Staff Size: 2?10 people
Average Duration of Services: 1?2 hours
Parking: Parking lot
Most Popular Attraction/Offering: Guided tours
Recommended Age Group: All Ages
Pro Tip: Wear comfortable shoes.
What are the museum's origins?
The museum has been operating since Mrs. Ellwood donated the mansion and property to the DeKalb Park District; currently, the estate consists of seven historic structures and 10 acres. A guided tour takes 60 to 90 minutes. Guided tours are the only option for seeing the museum.
What is one fun, unusual fact about your business?
The mansion was built in 1879 from [the] income Isaac Ellwood received from his half ownership in the first barbed-wire manufacturing company.
Is there anything else you want to add that we didn't cover?
The 1891 playhouse is a scale model of a Victorian home and once served as a parade float for the builder to showcase his home-building skills. By the late 1800s, it was acquired by the Ellwoods and became a playhouse. Entering the little building is part of the tour, but it is not handicap accessible. There is an 1865 cemetery located just beyond the woods.
Colored paint pellets slice the air and splatter on the rough bark of large oaks and every once in a while on the back of an enemy. During paintball play, shouts and laughter reverberate through the forest canopy as the thudding of footsteps cuts through thick underbrush. Players on the 12 outdoor fields at Operation Paintball engage rival teams during bouts of capture the flag and last-man-standing shootouts, hoping to earn victory for their mates and impress Mom one more time. The Mother Earth field's tall trees stand between natural bunkers, the Speedball concept field boasts a circle of broken wooden picket fences surrounding a central bunker, and wooded slopes take over the Yellow, Blue, and Candy fields. Staffers prepare guests to safely skirmish by providing masks, secure goggles, and padded vests, each of which has helped to contribute to the facility's perfect safety record.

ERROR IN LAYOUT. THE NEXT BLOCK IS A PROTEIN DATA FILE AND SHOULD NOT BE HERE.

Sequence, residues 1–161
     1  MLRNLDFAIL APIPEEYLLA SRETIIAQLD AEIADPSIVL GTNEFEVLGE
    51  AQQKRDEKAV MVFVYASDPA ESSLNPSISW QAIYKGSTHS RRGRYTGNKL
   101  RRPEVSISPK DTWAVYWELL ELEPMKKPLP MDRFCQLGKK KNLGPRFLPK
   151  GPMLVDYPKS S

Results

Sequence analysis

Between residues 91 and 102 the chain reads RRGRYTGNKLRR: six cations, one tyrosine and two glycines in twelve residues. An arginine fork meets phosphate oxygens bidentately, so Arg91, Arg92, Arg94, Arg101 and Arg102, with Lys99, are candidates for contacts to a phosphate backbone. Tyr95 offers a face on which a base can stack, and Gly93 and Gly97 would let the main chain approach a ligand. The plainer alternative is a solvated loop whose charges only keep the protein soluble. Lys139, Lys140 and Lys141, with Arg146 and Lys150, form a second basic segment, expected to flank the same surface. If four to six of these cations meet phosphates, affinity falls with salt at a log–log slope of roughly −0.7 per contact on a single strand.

The most enticing exhibits at the Illinois Railway Museum don't sit in glass cases. Instead, they can be found chugging along the five-mile mainline or the one-mile streetcar loop at various points in the day, giving visitors an opportunity to witness these antique machines functioning the way they were meant to do. This emphasis on living history is a key part of the museum's mission to educate visitors about the growth and development of the railroad industry throughout the Chicagoland area as well as the United States in general.
Although it already possesses extensive collections of trolley coaches, electric cars, diesel engines, steam locomotives, and hovercraft, the Illinois Railway Museum is still bent on acquiring more pieces, hoping to eventually represent each major chronological period in the history of rail travel. The museum's technicians do their best to restore antique equipment whenever possible, either by rebuilding original parts or by using modern reproductions and cosmetic touches to fill in the blanks. This ensures that visitors will not only be able to see restored, full-sized versions of historic rolling stock, but can also witness them in motion and even ride some of them.
Beyond the locomotives and cars, the Illinois Railway Museum also features a broad assortment of historical artifacts. Antique signals, telegraph and communications equipment, tools, uniforms, and ticket stubs are all available for viewing for guests hoping to learn even more about America's railroad history.